Can Australia make an impact at Russia 2018 under new coach Bert van Marwijk? Here’s a look at how the Socceroos shape up.
The ESPN panel in London are skeptical of Australia ahead of the World Cup with Bert van Marwijk’s defensive mindset and an aging squad.
Ian Darke leads the ESPN panel in predicting the 2018 World Cup winner with names of Germany, Brazil, France and England among the list.
The 2018 World Cup is just over a month away, and all 32 teams are preparing in earnest for their shot at the trophy in Russia. ESPN FC is previewing every team ahead of the opening game on June 14. Find all 32 teams here.
Who they are
Captain: Mile Jedinak
Manager: Bert van Marwijk
FIFA rank (as of April 12, 2018): 40
How they qualified
The Socceroos qualified the hard way after finishing third behind Japan and Saudi Arabia in Group B of Asia’s third qualification round. Two-legged playoffs against Syria and Honduras followed, and success in these crunch games secured Australia a berth in a fourth consecutive World Cup. Immediately after booking their place, though, coach Ange Postecoglou announced his resignation.
Attacking at all costs saw the Socceroos enjoy unprecedented success under the guidance of Postecoglou, and that attitude is almost certain to prevail for the foreseeable future, including when the team takes to the pitch in Russia. That will be mildly tempered by short-term boss Bert van Marwijk, who will insist his midfield and defence clamp down on the opposition.
So, all going to plan for the Socceroos, the balance of the side should be its greatest strength. This strategy also plays to the strengths of the personnel at Van Marwijk’s disposal, with key midfielders Aaron Mooy, Massimo Luongo and Tom Rogic all capable of becoming the fulcrum of the team at any moment.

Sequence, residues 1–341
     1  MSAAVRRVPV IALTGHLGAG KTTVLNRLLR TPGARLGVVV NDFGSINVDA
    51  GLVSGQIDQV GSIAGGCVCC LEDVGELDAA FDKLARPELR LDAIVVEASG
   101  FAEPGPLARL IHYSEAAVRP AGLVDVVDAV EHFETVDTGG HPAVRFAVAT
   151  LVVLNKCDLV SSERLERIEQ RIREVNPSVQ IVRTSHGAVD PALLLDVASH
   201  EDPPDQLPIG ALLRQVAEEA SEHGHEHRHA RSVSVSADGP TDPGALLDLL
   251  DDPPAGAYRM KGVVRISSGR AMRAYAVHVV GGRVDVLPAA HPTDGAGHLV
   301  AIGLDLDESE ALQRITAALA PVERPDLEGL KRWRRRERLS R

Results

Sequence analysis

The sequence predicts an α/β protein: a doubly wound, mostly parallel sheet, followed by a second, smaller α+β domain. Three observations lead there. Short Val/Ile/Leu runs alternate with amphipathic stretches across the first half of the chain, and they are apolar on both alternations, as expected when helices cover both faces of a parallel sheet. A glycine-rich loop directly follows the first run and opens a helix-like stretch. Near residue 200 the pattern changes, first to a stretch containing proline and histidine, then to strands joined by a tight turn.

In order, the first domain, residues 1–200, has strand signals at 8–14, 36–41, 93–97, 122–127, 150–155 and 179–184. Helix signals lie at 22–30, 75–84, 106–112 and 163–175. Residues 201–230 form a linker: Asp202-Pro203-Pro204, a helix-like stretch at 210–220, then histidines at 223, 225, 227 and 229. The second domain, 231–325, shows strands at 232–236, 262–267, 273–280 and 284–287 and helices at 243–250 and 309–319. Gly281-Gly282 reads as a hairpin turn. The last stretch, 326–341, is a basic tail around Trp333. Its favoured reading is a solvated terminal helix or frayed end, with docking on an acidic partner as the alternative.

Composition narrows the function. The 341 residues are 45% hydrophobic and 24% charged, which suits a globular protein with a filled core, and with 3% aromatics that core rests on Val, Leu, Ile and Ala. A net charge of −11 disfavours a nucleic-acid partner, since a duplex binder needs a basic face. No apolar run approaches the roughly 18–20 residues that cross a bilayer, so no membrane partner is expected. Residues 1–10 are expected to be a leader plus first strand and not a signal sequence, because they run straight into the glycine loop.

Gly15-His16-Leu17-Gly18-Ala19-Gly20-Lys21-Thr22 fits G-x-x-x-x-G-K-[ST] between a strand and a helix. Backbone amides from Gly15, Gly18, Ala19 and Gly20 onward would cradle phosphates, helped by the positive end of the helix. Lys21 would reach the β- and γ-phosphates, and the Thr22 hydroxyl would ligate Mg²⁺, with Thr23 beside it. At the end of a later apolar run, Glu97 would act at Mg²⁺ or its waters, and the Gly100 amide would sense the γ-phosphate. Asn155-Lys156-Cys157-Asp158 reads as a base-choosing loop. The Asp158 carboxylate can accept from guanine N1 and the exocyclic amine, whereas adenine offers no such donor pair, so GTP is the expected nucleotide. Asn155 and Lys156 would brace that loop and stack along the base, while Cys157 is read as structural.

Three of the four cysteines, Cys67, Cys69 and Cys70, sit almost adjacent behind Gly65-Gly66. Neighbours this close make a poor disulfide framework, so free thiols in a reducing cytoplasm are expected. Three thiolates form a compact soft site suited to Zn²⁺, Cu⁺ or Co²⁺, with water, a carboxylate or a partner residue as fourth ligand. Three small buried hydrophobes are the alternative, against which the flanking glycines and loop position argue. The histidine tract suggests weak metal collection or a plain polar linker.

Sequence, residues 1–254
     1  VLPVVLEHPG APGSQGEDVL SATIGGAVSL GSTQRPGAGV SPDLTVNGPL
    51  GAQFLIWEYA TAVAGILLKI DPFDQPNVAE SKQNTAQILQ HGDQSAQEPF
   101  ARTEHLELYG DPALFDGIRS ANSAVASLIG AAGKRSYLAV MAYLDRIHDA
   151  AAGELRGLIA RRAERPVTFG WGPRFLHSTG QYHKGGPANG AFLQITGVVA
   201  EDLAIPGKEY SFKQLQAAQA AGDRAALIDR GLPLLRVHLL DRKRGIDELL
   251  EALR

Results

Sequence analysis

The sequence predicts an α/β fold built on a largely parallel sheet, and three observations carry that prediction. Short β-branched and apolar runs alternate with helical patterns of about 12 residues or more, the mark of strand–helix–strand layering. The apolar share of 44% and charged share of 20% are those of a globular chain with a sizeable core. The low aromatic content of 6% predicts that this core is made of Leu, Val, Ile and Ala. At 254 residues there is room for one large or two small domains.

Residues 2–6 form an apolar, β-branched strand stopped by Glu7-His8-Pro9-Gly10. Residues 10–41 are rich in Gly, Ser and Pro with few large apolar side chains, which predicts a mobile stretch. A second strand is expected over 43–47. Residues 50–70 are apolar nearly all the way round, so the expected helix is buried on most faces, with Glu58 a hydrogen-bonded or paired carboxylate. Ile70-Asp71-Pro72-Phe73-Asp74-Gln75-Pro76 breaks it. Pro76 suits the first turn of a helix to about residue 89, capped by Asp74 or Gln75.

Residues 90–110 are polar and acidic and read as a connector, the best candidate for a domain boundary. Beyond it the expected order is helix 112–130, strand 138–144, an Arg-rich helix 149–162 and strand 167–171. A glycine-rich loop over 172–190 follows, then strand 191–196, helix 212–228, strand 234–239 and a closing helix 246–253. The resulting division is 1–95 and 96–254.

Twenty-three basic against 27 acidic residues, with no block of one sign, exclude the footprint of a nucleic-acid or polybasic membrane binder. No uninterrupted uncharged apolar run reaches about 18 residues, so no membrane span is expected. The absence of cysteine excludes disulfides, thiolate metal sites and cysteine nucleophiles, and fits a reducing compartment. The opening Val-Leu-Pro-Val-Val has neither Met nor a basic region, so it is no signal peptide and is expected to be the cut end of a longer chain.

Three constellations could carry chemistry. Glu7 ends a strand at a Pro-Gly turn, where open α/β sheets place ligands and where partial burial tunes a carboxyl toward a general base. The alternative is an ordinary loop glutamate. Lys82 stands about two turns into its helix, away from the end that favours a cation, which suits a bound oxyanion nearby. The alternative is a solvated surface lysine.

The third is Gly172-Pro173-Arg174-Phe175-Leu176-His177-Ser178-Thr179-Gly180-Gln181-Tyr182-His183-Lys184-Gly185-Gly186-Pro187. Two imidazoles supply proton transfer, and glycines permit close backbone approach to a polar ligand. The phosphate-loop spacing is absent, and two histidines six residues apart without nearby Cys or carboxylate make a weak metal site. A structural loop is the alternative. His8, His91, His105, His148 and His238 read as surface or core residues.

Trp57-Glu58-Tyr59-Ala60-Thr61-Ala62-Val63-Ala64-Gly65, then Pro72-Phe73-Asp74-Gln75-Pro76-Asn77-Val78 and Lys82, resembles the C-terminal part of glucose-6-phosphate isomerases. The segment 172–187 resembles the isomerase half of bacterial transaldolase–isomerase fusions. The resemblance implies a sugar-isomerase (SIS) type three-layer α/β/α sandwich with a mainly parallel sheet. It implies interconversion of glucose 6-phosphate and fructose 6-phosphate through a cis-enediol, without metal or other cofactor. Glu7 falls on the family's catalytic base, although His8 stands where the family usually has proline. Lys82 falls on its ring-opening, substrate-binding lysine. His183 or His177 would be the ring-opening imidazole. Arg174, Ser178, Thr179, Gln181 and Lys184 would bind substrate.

Aaron Mooy is the all-action midfielder who will need to keep Australia looking compact at the World Cup.
Losing an influential coach is always difficult, but when a side is only months out from the biggest competition of all, that loss is felt even deeper. The Socceroos players will not come out publicly to acknowledge the hole that is Postecoglou’s absence, but they will know he should be there with them. That sense of something missing will likely linger in the dressing room, particularly at the start of the tournament. That said, a strong early showing against France in their opener in Kazan could erase many of those feelings, giving the players greater faith in Van Marwijk — despite his confirmed short tenure.
Aaron Mooy has all the skills needed to make a big name for himself at the World Cup. Already performing solidly in the Premier League for Huddersfield Town, Mooy is strong in the tackle and capable of playing a killer ball in an instant. Indeed, his ability to turn defence into attack swiftly could hold the key to Australia surprising their more fancied Group C opponents. He will need to be at his absolute best to give the Socceroos a fighting chance of sneaking into the round of 16 and, if he is, it would not surprise to see the 27-year-old land a transfer to a bigger club next season.
What the local media says
“The 4-1 loss to Norway, followed by the 0-0 draw with Colombia, exposed the teething problems that need to be quickly fixed before Russia, and while a player like Massimo Luongo put his credentials front and centre, others, particularly defensively, will make the new Dutch mentor look closely at other options floating around Australia and the football globe.” — Fox Sports Australia
What the stats say
Expectations are relatively low given the managerial change and tricky group opponents in France, Denmark and Peru. In fact, very few people will give Australia a chance of progressing beyond the group stage. However, with more familiarity of van Marwijk’s game plan in upcoming friendlies, this team will certainly fight until the bitter end. If they can become difficult enough to break down in defence, they may just eke out one or two positive results. There is no doubt that it’ll be difficult for Australia to finish in the top two of Group C, but in one of the most evenly balanced World Cup draws in recent memory, it’s not entirely implausible.
Rob Brooks writes about Australian football and the A-League for ESPN FC. Follow him on Twitter: @RobNJBrooks